Dubbing - very fine synthetic material used to wrap around thread (process is called dubbing) with dubbing wax and then the dubbed thread is wrapped around the hook to create the body of the fly. Hares ear dubbing is my favorite to give nymphs a "buggy" look. Start with light cahill, sulphur orange, black, Adams gray and olive colors or simply purchase the assortment of 12 colors that comes in a small plastic container.
Elk Hair - used for making wings on flies like the elk hair caddis or hairwings. Also the favorite for spun patterns.
Foam - used for cut wings, floating bodies, posts and indicators. When using foam, be careful not to pull it tight or wrap it too tight. Doing so will crush the tiny pockets inside and will cause it to lose it floating capabilities. This is a common mistake with beginners. Start with gray, white, black, yellow, red. Note: this is another material that can be purchased less expensively at a craft store.
Hackle - hackles are used primarily to tie wings on dry flies and legs on nymphs and for such things as palmering the body of the woolly bugger. Until you get comfortable with tying and selecting the right size hackle for your flies, I recommend the Whiting 100 packs. These are hand chosen hackles of the highest quality that will allow you to tie around 100 files per package. They come sized for different hook sizes. To start out I'd recommend colors, grizzly, medium dun, black, light ginger and brown in hook sizes 14, 16 and possibly 18.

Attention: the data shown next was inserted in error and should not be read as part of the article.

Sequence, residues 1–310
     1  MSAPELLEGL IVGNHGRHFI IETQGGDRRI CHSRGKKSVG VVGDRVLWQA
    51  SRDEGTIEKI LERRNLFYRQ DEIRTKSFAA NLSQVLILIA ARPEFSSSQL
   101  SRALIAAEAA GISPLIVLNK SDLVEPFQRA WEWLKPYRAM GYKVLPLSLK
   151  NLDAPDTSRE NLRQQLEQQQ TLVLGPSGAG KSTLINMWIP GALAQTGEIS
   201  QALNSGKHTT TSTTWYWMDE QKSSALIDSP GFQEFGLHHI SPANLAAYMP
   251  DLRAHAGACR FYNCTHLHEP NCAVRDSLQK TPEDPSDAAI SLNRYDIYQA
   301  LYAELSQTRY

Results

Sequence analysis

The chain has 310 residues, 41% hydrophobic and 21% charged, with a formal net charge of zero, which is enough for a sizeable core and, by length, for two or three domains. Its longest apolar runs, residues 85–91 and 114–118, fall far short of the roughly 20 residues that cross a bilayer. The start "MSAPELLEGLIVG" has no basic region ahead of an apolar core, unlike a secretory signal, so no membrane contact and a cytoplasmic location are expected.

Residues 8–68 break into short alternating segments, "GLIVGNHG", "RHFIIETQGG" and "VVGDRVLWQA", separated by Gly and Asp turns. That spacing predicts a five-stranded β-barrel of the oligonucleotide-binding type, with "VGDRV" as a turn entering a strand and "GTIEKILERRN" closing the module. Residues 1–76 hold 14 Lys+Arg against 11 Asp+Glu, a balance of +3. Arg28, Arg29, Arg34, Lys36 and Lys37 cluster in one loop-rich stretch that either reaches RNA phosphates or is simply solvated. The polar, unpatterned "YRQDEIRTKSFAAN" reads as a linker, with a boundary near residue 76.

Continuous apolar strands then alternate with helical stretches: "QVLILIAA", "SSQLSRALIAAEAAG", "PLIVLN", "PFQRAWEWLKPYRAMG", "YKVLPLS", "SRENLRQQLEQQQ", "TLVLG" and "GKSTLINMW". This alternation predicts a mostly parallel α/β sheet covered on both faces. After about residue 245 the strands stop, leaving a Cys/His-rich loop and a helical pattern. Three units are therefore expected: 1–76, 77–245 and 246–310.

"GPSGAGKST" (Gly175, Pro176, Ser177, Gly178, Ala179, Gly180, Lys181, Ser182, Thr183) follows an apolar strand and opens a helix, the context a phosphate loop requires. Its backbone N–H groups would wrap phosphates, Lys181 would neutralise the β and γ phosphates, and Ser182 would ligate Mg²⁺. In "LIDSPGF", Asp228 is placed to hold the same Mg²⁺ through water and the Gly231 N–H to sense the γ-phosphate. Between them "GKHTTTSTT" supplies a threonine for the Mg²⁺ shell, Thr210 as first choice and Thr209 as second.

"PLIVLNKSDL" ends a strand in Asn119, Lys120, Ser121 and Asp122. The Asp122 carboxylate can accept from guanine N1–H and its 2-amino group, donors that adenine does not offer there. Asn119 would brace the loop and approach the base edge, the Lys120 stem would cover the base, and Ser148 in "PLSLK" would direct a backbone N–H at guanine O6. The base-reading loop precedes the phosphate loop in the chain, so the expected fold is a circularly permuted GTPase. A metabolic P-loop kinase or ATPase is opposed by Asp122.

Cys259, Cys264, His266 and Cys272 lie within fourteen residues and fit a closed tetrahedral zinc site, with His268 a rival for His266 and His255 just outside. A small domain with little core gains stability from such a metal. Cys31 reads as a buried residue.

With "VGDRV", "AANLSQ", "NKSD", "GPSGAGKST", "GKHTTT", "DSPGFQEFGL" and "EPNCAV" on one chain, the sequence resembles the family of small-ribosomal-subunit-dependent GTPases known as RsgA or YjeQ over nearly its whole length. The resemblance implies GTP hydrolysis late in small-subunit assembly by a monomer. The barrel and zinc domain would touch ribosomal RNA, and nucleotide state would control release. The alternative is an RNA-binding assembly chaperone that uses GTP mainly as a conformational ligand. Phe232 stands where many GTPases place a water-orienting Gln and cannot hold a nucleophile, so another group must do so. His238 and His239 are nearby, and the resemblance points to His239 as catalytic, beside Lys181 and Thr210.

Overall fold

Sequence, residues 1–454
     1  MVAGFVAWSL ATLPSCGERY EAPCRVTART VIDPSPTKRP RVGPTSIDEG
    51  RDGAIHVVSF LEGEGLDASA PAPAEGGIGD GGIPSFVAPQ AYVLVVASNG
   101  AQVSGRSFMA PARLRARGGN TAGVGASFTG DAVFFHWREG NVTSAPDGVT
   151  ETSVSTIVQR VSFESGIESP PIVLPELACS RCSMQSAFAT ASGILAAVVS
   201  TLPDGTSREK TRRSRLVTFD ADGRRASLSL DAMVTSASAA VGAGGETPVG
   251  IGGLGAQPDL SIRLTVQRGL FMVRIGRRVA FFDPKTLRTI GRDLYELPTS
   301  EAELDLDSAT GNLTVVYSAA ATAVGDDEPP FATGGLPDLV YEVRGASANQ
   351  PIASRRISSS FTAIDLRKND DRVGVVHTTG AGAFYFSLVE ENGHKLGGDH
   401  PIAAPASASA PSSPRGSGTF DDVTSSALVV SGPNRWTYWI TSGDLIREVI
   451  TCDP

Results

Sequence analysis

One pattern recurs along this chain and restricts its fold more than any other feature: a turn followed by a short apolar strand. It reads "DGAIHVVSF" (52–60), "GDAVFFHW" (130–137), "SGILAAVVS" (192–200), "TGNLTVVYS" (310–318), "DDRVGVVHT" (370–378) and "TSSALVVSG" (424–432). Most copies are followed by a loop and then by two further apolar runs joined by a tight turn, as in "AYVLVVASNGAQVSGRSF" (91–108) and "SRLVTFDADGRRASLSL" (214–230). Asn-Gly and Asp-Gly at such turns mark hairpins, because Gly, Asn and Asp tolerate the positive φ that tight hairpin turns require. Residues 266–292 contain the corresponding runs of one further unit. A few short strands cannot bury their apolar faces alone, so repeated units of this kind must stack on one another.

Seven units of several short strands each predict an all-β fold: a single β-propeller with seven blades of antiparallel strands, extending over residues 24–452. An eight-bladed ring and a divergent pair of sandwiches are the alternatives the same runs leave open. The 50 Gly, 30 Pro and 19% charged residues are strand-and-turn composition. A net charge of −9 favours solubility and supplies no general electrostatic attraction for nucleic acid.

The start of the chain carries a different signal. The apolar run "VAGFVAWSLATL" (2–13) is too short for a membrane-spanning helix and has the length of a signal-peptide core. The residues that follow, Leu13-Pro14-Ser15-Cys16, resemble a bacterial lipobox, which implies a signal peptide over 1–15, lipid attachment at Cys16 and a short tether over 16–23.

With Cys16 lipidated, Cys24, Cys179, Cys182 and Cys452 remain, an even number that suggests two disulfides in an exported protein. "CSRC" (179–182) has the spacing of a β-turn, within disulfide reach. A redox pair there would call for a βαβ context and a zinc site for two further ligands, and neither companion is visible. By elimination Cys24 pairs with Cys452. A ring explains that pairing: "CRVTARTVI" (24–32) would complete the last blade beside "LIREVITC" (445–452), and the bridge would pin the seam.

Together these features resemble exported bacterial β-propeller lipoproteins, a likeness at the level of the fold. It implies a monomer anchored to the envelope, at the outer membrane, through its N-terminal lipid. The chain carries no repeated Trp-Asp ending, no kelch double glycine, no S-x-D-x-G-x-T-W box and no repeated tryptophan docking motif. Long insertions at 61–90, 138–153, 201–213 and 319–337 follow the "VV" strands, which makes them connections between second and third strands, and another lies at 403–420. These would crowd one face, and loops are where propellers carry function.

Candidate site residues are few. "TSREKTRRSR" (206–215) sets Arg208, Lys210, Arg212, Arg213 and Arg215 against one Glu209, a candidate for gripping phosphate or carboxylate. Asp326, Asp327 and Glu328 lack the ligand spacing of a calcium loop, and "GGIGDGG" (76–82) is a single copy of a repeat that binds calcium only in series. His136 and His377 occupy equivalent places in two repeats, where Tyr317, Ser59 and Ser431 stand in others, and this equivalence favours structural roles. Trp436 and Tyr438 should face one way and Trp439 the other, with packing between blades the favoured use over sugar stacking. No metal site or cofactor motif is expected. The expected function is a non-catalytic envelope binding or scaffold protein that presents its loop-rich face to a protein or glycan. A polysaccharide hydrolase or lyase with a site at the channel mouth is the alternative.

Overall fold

Krystal Flash - twisted mylar flash material that adds sparkle to your flies. Krystal flash can be tied in at various points of the fly as an attractant. Start with the pearl color and expand from there.
Mallard Flanks - these can be used for dry fly wings and sometimes tails and nymph legs. Sometimes dyed but stick with the natural color to start.
Marabou - Downey pin feathers have great movement in the water. The strung marabou is used for the tail of woolly buggers and for various streamer patterns. Marabou is dyed many different colors. Start with small 1/4 oz. packages of black, brown and olive.
Peacock Herl - the natural irridescence of peacock herl makes it one of the all time favorite natural fly tying materials used in wrapping bodies.
Pheasant Tail - These feathers are the main ingredient of the pheasant tail nymph. Also great for knotted hopper legs and for tails and legs on a number of nymphs and emergers.
Thread - like this one really needs any explaining??? Thread is what is used to tie all the materials onto the hook. When starting out, use either a 6/0 or 8/0 (the higher the number, the smaller the thread). Use Uni thread for smaller flies. Start with olive, chartreuse, brown, black, light yellow, fluorescent orange, fluorescent pink and red (you'll use bright colors for streamers, salmon and steelhead flies).
Turkey Tail - turket tail feathers are used for many of the same things that pheasant tail feathers are used for, mostly wing cases and also for wings and tails.
Wire - wire is used to apply ribbing to flies. Start with size medium and colors gold and copper.

Related: Fly Tying Bench Plans

About The Author
Pete Danylewycz
Born and raised in Cleveland, Ohio, Pete grew up fishing on the Great Lakes. Whether he's casting a line in a quiet freshwater stream or battling a monster bass, fishing is his true passion.